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During the first meeting with one of my prospects (a large Italian tire and cable manufacturer) the IT person responsible of the DW in the company told me:

By
  • Chuck Kelley, Clay Rehm
Published
  • February 07 2002, 1:00am EST

Q:

During the first meeting with one of my prospects (a large Italian tire and cable manufacturer) the IT person responsible of the DW in the company told me: "I do not agree on building a dimension from a large product (item master) table, dimensions over 100,000 members should not be called dimensions, they should be treated as Fact tables." This could be true when I need to track the changes of many attributes, but building a fact from the product creates a big hassle when I need a product dimension to analyze other key performance indicators (KPIs). Any recommendations?

A:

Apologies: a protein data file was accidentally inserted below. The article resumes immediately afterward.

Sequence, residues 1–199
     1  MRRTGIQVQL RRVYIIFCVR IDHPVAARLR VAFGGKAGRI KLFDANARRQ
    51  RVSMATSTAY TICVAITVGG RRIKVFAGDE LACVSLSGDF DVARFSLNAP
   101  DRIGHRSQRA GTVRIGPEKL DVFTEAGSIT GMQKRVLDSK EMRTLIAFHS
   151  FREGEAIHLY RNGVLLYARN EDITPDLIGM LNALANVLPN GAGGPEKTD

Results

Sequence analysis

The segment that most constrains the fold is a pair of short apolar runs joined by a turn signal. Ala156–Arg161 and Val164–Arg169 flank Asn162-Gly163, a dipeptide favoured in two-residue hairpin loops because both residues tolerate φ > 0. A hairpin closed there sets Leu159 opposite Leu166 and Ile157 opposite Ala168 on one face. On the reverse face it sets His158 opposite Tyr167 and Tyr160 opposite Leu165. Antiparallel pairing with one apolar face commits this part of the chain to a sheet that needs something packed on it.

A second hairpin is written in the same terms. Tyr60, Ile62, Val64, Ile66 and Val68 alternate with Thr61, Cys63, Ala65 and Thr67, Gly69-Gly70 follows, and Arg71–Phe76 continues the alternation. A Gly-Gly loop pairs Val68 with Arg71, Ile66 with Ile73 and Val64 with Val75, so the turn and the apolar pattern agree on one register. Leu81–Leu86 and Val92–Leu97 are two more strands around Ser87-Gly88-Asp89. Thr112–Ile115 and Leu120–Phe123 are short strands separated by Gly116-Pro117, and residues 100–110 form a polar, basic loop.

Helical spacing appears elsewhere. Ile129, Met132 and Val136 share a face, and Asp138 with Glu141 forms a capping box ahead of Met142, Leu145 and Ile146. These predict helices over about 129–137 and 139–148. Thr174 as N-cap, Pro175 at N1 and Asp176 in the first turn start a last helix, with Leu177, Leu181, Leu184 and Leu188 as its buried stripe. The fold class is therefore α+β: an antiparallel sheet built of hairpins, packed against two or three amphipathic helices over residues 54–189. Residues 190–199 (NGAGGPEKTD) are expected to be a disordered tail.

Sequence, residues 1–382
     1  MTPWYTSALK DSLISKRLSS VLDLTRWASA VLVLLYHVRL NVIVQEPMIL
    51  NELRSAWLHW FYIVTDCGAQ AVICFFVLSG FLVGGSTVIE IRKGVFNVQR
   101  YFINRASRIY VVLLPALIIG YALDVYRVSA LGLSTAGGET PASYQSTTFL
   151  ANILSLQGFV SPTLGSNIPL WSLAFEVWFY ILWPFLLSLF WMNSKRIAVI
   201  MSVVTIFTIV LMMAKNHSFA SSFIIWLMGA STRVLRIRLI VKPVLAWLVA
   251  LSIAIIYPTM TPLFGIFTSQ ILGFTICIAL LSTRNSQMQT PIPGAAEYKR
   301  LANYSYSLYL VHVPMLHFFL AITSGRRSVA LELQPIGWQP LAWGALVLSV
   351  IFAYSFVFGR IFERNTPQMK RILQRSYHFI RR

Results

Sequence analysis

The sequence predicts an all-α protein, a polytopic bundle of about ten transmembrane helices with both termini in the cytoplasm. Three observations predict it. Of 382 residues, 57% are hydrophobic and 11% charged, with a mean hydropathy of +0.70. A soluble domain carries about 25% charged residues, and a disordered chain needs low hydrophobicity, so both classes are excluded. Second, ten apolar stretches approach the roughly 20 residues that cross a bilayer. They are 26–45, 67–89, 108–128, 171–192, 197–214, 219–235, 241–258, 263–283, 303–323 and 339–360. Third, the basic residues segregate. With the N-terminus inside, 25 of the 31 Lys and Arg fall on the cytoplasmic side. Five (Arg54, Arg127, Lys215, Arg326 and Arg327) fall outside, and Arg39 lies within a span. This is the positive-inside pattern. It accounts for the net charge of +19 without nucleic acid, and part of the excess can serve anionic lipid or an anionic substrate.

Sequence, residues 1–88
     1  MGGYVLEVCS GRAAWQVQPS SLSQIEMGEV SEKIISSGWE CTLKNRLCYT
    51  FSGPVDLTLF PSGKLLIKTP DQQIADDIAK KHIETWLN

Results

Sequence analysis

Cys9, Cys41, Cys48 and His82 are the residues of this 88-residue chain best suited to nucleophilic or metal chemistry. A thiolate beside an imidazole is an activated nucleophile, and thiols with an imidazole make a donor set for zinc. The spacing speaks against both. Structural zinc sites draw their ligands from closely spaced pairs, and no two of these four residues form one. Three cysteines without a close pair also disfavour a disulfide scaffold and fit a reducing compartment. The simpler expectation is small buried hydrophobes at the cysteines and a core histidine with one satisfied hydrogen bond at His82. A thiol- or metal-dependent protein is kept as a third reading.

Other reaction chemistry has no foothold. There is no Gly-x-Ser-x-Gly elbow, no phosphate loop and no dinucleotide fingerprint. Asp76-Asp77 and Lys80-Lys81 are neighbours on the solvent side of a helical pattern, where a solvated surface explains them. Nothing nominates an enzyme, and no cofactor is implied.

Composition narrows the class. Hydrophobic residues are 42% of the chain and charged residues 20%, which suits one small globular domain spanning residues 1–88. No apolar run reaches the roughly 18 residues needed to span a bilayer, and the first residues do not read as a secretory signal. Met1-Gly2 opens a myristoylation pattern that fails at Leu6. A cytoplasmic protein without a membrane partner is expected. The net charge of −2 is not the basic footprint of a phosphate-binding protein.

Chuck Kelley’s Answer: This is a common issue with people who do not understand dimensions and facts. I once taught a class where a student was adamant that Customer_Name was a fact, not a dimension. No matter how I tried to explain that facts are measures and dimensions are how you want to look at measures by (i.e., you have the measure (fact) and the metric (dimension)), there was no changing his mind. His basis was “I am Chuck Kelley and that is a Fact.” Of course, then everything becomes a fact! The size of the dimension (from a logical standpoint) should never determine whether something is a fact or a dimension. I think you need to get away from the words “dimension” and “fact” and try to build a model that supports the business requirement. Clay Rehm’s Answer: I cannot see how a true Product would be a fact table. 100,000 rows in a dimension table is not a big deal. For example, a Customer table is a dimension table and can have millions of rows. Anyway, to do proper dimensional analysis, you need a Product dimension table, and if there are changing attributes about that product dimension, create a snowflake table off of the Product table.

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